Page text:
Microparticulate diets as first food for gilthead sea bream larva (Sparus aurata): study of fatty acid incorporation

Type Article
Date 2003-07
Language English
Author(s) Robin Jean, Vincent Benoit
Affiliation(s) IFREMER, Ctr Brest, INRA, Fish Nutr Lab, F-29280 Plouzane, France.
Source Aquaculture (0044-8486) (Elsevier), 2003-07 , Vol. 225 , N. 1-4 , P. 463-474
DOI 10.1016/S0044-8486(03)00310-7
WOS© Times Cited 34
Keyword(s) Sparus aurata, Inert diet, Fatty acids, Larva, Fish
Abstract Recent advances have led to the development of inert diets for first-feeding marine fish larvae. The purpose of the present study was to evaluate fatty acid (FA) incorporation into larva using practical-type and semipurified diets as first food for larvae. Experimental microparticulate diets were fed to gilthead sea bream larvae, right from the mouth opening to day 21 post hatching. Five basal diets were compared, using fish meat or casein as main protein sources, and fish protein concentrate or casein hydrolysates and algae powder (Schizochytrium). Diets contained soybean lecithin to provide polar lipids and this also provided a high linoleic acid (18:2n-6) content. n-3 HUFA (1.5-1.7% DM) were mainly in dietary neutral lipids, with a part in polar lipids in diets containing fish meal or fish hydrolysates. Fatty acid incorporation was studied by analysing FA content of larvae at the beginning and at the end of the trial.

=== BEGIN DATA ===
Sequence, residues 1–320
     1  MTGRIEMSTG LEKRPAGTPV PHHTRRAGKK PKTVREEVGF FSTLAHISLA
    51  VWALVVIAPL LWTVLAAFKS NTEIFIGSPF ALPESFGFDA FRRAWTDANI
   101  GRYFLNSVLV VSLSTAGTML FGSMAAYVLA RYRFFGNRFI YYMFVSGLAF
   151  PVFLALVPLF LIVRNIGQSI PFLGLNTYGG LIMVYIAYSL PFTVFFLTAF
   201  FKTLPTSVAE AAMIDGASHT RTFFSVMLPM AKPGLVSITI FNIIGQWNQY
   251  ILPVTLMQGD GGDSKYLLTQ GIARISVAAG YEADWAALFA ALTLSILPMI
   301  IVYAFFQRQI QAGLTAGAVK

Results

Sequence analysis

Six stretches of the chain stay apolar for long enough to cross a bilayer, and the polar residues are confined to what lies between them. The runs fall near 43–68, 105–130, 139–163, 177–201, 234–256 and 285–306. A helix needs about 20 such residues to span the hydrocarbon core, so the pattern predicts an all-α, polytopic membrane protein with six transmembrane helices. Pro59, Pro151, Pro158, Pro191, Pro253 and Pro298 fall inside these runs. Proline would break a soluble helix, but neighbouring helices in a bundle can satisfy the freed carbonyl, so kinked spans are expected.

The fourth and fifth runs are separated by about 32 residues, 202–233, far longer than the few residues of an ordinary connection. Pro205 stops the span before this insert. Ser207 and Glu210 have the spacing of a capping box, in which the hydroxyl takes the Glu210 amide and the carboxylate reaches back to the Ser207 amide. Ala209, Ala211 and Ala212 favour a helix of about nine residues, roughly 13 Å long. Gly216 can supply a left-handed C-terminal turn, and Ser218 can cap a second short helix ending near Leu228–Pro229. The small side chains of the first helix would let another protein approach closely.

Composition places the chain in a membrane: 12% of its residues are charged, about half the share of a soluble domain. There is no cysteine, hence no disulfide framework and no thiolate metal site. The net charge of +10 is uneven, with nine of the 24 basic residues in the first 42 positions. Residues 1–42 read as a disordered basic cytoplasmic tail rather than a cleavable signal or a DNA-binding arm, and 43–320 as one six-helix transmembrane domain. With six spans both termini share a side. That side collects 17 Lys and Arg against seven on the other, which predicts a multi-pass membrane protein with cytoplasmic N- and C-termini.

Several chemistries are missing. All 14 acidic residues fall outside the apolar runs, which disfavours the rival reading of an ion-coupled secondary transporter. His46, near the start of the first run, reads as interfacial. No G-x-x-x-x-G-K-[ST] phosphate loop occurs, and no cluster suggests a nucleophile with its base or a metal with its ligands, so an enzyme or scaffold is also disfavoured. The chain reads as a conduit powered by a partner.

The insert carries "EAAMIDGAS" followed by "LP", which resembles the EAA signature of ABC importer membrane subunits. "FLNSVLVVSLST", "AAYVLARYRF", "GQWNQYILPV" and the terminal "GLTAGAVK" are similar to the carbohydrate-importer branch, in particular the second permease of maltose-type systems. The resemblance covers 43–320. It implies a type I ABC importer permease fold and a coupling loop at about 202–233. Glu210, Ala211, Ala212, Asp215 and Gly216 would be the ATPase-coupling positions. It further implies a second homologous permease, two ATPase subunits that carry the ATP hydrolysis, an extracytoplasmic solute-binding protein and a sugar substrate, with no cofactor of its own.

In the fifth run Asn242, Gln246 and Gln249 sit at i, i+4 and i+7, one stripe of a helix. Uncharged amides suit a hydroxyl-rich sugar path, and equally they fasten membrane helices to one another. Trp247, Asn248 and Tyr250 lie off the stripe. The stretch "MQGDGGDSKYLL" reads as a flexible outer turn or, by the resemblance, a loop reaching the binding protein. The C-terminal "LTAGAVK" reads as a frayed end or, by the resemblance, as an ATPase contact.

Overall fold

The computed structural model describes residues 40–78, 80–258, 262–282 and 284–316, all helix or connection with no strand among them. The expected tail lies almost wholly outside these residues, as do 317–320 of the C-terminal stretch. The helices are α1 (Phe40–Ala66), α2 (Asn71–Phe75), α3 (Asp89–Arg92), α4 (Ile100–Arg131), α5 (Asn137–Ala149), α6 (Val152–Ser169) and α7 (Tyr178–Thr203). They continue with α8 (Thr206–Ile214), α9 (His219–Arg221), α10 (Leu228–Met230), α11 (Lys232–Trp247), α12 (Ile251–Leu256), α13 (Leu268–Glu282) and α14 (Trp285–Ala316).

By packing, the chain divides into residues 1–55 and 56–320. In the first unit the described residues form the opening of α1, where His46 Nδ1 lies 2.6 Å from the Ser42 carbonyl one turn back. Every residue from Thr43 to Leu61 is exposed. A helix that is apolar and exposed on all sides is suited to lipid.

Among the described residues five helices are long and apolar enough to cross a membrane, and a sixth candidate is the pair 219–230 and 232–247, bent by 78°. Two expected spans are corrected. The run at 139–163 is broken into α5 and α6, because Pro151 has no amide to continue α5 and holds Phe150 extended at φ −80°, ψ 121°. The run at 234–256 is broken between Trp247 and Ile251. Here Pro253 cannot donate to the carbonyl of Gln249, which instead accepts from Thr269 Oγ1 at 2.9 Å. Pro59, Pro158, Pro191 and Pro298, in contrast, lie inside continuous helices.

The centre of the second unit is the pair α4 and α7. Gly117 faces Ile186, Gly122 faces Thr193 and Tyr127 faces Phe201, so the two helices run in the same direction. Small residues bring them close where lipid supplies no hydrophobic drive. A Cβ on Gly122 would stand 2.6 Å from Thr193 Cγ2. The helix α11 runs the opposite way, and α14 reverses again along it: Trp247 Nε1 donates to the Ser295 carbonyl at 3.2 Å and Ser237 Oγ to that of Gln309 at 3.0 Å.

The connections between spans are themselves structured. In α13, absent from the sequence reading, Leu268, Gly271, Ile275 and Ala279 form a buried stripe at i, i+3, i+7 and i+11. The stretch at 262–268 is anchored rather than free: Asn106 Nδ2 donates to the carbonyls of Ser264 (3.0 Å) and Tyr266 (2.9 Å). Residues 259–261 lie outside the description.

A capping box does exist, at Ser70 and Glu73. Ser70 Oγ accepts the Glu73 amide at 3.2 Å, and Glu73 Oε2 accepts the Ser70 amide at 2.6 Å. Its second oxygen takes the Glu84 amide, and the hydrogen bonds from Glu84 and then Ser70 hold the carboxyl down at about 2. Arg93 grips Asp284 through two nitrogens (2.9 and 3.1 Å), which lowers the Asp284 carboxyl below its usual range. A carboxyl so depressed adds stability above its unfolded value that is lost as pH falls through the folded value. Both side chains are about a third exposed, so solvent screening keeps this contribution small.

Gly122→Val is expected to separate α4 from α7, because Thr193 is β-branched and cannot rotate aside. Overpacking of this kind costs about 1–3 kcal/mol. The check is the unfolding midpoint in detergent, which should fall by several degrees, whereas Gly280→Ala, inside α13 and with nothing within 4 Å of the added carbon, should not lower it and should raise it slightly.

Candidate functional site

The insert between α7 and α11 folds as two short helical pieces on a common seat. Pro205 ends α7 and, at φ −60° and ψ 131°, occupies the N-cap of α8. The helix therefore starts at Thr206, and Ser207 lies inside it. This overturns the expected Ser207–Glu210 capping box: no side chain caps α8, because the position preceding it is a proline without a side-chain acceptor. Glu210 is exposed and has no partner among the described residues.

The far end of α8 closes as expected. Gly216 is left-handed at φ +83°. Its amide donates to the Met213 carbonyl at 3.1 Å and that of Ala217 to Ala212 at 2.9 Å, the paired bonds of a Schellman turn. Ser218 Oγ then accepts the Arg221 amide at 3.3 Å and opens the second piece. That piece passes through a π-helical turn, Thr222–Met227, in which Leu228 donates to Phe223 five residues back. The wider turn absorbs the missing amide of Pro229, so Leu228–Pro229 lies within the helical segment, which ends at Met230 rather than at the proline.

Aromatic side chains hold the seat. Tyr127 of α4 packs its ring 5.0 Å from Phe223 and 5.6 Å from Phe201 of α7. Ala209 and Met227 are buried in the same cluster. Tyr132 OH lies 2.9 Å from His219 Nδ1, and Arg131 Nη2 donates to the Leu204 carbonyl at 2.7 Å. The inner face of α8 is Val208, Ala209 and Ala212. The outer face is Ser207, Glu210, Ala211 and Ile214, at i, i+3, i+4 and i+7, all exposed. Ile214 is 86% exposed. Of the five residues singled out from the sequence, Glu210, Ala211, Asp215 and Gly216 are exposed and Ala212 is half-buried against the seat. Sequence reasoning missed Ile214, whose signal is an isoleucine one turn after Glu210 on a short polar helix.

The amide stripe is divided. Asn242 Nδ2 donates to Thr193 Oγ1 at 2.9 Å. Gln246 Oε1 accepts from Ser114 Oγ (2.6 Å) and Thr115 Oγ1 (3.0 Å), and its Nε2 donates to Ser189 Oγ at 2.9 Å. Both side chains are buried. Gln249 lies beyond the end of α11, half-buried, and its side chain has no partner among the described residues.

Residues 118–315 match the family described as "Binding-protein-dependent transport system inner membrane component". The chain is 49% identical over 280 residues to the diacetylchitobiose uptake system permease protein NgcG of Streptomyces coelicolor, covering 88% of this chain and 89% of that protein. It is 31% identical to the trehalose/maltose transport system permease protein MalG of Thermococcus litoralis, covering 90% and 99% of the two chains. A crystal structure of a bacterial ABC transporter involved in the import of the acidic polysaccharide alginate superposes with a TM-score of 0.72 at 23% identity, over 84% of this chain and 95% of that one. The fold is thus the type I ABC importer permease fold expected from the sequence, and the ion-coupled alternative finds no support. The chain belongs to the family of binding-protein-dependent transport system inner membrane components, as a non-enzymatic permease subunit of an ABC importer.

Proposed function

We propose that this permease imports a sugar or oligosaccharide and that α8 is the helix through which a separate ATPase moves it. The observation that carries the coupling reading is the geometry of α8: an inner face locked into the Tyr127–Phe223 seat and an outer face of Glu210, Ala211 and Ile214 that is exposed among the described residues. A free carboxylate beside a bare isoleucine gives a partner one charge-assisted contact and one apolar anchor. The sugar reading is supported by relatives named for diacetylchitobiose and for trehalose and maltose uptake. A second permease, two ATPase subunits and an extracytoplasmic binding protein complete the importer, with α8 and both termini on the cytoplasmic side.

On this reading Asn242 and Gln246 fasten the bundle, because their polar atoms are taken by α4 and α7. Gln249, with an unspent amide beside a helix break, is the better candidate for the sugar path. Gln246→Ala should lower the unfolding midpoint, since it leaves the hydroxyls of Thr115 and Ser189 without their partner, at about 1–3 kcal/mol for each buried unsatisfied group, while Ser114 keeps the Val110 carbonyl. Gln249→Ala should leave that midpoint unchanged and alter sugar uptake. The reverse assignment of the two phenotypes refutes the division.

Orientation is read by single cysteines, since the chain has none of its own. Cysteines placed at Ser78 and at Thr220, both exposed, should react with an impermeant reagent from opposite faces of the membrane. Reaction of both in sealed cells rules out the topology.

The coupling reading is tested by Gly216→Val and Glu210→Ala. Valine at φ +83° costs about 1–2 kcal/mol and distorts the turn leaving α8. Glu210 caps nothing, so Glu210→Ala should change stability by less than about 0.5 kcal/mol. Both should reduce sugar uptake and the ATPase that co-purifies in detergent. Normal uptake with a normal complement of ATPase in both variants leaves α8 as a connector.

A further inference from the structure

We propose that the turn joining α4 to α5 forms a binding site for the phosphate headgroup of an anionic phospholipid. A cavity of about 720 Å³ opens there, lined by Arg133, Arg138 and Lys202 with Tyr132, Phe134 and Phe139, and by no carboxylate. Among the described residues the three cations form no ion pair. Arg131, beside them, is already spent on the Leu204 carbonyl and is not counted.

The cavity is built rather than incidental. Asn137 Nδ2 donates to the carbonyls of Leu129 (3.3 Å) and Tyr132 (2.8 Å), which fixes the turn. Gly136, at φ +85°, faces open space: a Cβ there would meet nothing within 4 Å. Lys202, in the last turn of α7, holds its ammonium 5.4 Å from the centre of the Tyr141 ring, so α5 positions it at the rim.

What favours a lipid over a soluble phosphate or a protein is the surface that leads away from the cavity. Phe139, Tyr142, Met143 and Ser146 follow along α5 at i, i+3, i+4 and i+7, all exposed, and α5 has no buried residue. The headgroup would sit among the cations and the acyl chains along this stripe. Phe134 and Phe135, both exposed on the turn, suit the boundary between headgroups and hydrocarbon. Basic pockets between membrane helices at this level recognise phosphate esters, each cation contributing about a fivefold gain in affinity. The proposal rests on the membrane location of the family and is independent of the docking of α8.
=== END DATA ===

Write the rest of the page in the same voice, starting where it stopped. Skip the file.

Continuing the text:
A semipurified diet (casein + Schizochytrium powder) led to the best mean survival rate of 25% at day 21. While length increments were low, basal diets containing fish meat gave higher growth in size than casein-based diets. Whole body total fatty acid content differed between treatments and was higher in larvae fed casein-based diets than in those fed fish meal-based diets. As a result, fatty acid profiles shown showed various differences between treatments but not clearly related to dietary fatty acids. No clear sign of desaturation nor elongation of fatty acids was observed; the presence of 22:5n-6 (from Schizochytrium) into some diets did not seem to induce retroconversion to 20:4n-6 by larva. Fatty acid profiles incorporated into larvae were compared to those of diets in order to display common tendencies: the incorporation of n-6 fatty acids was higher than their relative proportion in the diets, even for 18:2n-6 despite high dietary supply; incorporation of 20:4n-6 was two- to fourfold higher than the proportion in diets (irrespective of the level of 22:5n-6). Among saturated FA, high stearate but low myristate incorporation was observed. Taking into high level of n-3 HUFA in the larvae before first feeding, n-3 long-chain PUFA were not selectively incorporated into larvae during feeding, with a negative tendency for EPA, and variable incorporation of DHA between treatments.
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